Privacy Advocates Divided on Potential Legislation

July 22, 2022 by Madeline Hughes
Privacy Advocates Divided on Potential Legislation
Caitriona Fitzgerald, deputy director at the Electronic Privacy Information Center.

WASHINGTON — Data privacy is getting its turn in the spotlight this week as the bipartisan American Data Privacy and Protection Act passed out of the House Energy and Commerce Committee with wide agreement in a 53-2 vote.

“It’s the most progress we’ve seen on data privacy in 20 years in Congress,” said Caitriona Fitzgerald, the deputy director at the Electronic Privacy Information Center, in an interview Friday.

It’s not the law Fitzgerald would write, but “it’s a very good start to that path,” she said. 

Movement on the law shows Congress realizes the country has reached a “crisis point of tech companies hoarding our data and using it in whatever ways they please, and we need to put limits on that,” Fitzgerald said.


Others, including the Electronic Frontier Foundation, are worried that the potential legislation misses the mark.

“EFF is disappointed by the latest draft of the American Data Privacy Protection Act,” the organization tweeted Wednesday. It listed objections including language that could override states’ more aggressive data privacy laws already in place and how the law makes many exceptions for people to sue companies found to have violated their privacy.

The day before the law passed, 10 state attorneys general sent a letter to the committee urging it “to ensure such legislation does not undermine protections that states have already established.”

They give examples of consumer-protection laws like the Health Insurance Portability and Accountability Act, which when bolstered by state laws like California’s Confidentiality of Medical Information Act was used to extend medical data protections from doctors to applications that keep medical data.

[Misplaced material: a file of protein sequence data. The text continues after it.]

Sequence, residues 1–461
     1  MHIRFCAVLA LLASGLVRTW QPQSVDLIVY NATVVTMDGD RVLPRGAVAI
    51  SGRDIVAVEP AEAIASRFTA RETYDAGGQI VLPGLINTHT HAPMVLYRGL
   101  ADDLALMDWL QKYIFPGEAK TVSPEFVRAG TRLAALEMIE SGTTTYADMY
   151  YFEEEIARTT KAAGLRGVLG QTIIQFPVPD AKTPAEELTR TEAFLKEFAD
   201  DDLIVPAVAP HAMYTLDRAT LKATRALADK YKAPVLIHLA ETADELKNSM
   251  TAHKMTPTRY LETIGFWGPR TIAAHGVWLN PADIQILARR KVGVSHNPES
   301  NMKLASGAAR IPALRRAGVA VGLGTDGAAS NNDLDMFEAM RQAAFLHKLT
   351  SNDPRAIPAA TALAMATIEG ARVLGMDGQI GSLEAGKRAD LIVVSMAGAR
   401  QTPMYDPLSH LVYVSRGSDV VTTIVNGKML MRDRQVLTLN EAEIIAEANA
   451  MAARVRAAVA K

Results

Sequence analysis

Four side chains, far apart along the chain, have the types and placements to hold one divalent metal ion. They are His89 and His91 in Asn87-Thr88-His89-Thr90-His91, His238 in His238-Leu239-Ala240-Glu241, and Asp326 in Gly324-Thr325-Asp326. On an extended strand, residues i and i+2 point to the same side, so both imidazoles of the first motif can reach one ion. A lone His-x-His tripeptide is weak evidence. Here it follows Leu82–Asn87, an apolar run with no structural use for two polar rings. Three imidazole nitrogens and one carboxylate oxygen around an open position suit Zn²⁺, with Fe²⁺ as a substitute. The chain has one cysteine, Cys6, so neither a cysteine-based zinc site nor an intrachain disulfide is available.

“We welcome a federal partner with the tools and resources for vigorous enforcement of new consumer rights. But it is critical that Congress set a federal privacy-protection floor, rather than a ceiling, to continue to allow the states to innovate to regulate data privacy and protect our residents,” the state attorneys general wrote.

But overall, the law at its core is a win because it “takes the onus off consumers from reading these policies and puts the onus on the companies” creating them, Fitzgerald said.


Companies will be required to only collect data that is “reasonably necessary to provide the service,” she explained.

That fundamentally shifts the data economy if this legislation comes to pass, she said.

Currently, companies are collecting vast amounts of data that they can either use or sell, she said. But if this law passes, the average person “can be more confident when using apps, [and] visiting various websites, that their personal data isn’t being used in ways that they don’t expect,” Fitzgerald said.

The civil rights protections in the bill are also important, especially when it comes to digital advertising for jobs and homes, she said.

“Right now it is difficult to bring cases on [online advertising discrimination] because our civil rights protections don’t protect us online. There shouldn’t be a difference if it’s a brick and mortar or online, and this bill corrects that,” Fitzgerald said.

This is hopefully the beginning of realizing data privacy is an important bipartisan issue that needs to be tackled by a variety of legislation, she said, adding just this week the House Judiciary Committee held a hearing about the data dragnet created by law enforcement purchasing digital data. 

Buying the data is seen by privacy advocates like Fitzgerald as a workaround for the Fourth Amendment that says “no warrants shall issue, but upon probable cause.”

In both chambers the respective Judiciary Committees are working on the Fourth Amendment Is Not For Sale Act, which would limit law enforcement’s warrantless access to this data.

Now is the time to take the first step in data privacy and build on it later, Fitzgerald said. 


“Every week there’s another story about our data being abused in different ways, and folks have realized things need to change,” she said. “The harms are just too dangerous and it’s happening too frequently.”

Madeline can be reached at [email protected] and @MadelineHughes

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